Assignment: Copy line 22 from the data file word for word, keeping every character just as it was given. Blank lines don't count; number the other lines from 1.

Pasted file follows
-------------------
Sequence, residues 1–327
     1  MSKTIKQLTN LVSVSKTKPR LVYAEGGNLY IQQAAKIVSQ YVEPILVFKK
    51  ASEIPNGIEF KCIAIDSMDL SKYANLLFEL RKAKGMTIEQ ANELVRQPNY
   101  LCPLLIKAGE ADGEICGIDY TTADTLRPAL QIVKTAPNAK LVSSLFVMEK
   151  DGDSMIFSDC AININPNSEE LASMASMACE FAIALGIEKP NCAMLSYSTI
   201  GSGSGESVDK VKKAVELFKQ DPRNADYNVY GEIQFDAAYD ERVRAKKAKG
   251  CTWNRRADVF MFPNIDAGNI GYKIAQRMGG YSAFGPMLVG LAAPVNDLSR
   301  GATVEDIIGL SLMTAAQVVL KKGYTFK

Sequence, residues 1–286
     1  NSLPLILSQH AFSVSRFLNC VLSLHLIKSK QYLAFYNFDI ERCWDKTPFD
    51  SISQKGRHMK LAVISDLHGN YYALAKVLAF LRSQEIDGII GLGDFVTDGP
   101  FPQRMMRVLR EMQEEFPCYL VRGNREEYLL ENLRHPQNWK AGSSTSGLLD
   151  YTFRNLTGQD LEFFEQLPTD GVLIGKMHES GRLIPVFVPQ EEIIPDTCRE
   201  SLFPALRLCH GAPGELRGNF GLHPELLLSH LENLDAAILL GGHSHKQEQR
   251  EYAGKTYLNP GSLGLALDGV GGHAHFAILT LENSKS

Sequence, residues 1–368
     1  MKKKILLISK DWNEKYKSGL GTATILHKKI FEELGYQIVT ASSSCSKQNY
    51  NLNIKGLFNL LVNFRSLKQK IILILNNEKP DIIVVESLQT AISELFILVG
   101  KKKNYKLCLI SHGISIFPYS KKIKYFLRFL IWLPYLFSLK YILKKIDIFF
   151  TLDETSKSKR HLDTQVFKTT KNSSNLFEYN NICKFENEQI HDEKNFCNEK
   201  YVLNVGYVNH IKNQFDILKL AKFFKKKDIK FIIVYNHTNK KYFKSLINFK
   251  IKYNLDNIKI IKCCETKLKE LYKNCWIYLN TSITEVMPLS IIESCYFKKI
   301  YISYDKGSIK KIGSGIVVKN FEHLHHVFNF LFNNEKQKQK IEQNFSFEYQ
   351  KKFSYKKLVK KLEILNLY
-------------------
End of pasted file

   251  IKYNLDNIKI IKCCETKLKE LYKNCWIYLN TSITEVMPLS IIESCYFKKI